Vaccinating Kittens

Vaccinating your kitten on schedule is really important.

If you have obtained a new kitten, you will want to start a vaccination schedule at once. Kitten shots may seem scary, but they are not! The “FVRCP” cat vaccination is a combination vaccine of the three core vaccines mentioned above (rhinotracheitis, panleukopenia, and calicivirus). The FVRCP vaccine can be administered to your cat any time till it is about 15 weeks of age.

When your kitten is about 11 weeks old, kitten vaccinations against feline leukemia in addition to the FVRCP will be administered to it. Finally, at about 15 weeks of age, the vet will administer all three vaccines: FVRCP, feline leukemia, and rabies to your kitten, marking its transition into adulthood.

Vaccinating Adult Cats

Once you have completed the vaccination schedule for kittens, the vet is likely to start administering cat vaccination annually. After every year, the vet will administer the following three vaccines to your adult cat: FVRCP, feline leukemia, and rabies.

Are there any side effects?

Like human beings, cats may display specific symptoms after being freshly vaccinated. These include some soreness at the site of the injection or a mild allergic reaction. In rare cases, vaccination may lead to tumors or immune diseases. However, these severe side effects are extremely rare, and the chance of their occurrence is far outweighed by vaccination’s health benefits. 

Making a cat vaccine schedule

The best way to make a cat vaccination schedule is to consult your vet. As soon as you get a new cat or kitten, visit the veterinary doctor and allow him to examine the pet. The vet will recommend which cat vaccination schedule is best for your particular pet based on his findings. The vet usually considers the overall health of your cat, its style of living, age, and breed before recommending a cat vaccination schedule.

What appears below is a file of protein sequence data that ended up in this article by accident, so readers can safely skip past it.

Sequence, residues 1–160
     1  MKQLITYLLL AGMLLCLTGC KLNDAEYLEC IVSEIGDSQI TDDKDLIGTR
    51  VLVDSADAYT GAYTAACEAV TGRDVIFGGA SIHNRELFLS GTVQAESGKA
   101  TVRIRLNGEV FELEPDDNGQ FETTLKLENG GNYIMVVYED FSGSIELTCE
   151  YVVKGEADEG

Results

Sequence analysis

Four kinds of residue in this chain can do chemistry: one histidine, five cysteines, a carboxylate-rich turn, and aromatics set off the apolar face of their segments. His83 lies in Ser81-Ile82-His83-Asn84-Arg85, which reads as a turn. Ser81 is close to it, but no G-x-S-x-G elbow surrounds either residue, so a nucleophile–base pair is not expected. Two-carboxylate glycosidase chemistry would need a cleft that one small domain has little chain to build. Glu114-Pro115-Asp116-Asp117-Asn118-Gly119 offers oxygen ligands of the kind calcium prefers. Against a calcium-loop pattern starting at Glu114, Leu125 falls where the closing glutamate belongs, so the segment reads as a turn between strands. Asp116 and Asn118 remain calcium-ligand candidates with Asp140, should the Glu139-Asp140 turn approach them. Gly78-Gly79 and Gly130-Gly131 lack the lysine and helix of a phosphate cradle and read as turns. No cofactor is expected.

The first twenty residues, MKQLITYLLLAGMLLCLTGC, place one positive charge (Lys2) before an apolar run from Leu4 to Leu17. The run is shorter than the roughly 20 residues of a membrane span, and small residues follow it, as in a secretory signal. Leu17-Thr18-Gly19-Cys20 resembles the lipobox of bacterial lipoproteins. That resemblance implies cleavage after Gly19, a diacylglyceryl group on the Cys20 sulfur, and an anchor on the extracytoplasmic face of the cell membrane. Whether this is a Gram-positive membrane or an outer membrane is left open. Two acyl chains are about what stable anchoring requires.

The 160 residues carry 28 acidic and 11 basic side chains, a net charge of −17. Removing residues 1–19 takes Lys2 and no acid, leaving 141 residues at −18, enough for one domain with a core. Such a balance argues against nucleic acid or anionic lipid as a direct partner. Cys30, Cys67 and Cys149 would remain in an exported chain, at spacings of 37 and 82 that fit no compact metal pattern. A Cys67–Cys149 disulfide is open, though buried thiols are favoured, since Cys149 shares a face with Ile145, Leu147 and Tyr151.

For instance, if your cat is more prone to living outdoors, it may be at a greater risk of catching certain viral diseases, which is why it should be vaccinated against these as soon as possible. While you’re developing a cat vaccination schedule, also set a schedule to deworm your cat and have the vet check it for fleas.

What happens if I don’t vaccinate my cat?

It is not as if the law will punish you if you do not vaccinate your cat. It is also unlikely that your cat will fall ill immediately if it is not vaccinated. However, as a cat owner, cat vaccination is a must if you want your cat to have a long, healthy life. Since they are a preventative measure, vaccinating your cat early can pre-emptively protect them from numerous diseases and save you from spending a fortune on their treatment.

Suggested readings:

We hope that the guide above has helped you understand how to go about vaccinating your cat. As a responsible pet owner, you must take all necessary steps to ensure a good quality of life for your feline friend and come up with an appropriate cat vaccination regime.